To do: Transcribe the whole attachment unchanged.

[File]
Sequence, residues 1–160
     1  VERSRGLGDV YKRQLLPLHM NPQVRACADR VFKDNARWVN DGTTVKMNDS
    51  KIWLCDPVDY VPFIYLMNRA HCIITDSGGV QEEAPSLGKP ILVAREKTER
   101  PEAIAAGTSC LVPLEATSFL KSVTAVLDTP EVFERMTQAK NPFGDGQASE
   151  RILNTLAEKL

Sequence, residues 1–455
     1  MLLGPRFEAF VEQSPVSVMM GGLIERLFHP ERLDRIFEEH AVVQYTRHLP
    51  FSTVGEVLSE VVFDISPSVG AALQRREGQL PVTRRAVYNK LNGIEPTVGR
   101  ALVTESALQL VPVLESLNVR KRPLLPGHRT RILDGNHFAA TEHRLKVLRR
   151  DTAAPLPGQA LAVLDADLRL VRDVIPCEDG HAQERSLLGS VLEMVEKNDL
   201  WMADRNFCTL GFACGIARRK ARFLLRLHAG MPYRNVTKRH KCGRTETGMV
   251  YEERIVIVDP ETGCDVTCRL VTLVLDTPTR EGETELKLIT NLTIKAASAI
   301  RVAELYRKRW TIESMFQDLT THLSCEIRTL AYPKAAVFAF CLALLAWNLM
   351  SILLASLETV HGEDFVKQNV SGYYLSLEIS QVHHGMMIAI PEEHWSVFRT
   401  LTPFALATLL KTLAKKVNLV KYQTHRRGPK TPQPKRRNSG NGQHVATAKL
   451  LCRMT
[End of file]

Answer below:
Sequence, residues 1–160
     1  VERSRGLGDV YKRQLLPLHM NPQVRACADR VFKDNARWVN DGTTVKMNDS
    51  KIWLCDPVDY VPFIYLMNRA HCIITDSGGV QEEAPSLGKP ILVAREKTER
   101  PEAIAAGTSC LVPLEATSFL KSVTAVLDTP EVFERMTQAK NPFGDGQASE
   151  RILNTLAEKL

Sequence, residues 1–455
     1  MLLGPRFEAF VEQSPVSVMM GGLIERLFHP ERLDRIFEEH AVVQYTRHLP
    51  FSTVGEVLSE VVFDISPSVG AALQRREGQL PVTRRAVYNK LNGIEPTVGR
   101  ALVTESALQL VPVLESLNVR KRPLLPGHRT RILDGNHFAA TEHRLKVLRR
   151  DTAAPLPGQA LAVLDADLRL VRDVIPCEDG HAQERSLLGS VLEMVEKNDL
   201  WMADRNFCTL GFACGIARRK ARFLLRLHAG MPYRNVTKRH KCGRTETGMV
   251  YEERIVIVDP ETGCDVTCRL VTLVLDTPTR EGETELKLIT NLTIKAASAI
   301  RVAELYRKRW TIESMFQDLT THLSCEIRTL AYPKAAVFAF CLALLAWNLM
   351  SILLASLETV HGEDFVKQNV SGYYLSLEIS QVHHGMMIAI PEEHWSVFRT
   401  LTPFALATLL KTLAKKVNLV KYQTHRRGPK TPQPKRRNSG NGQHVATAKL
   451  LCRMT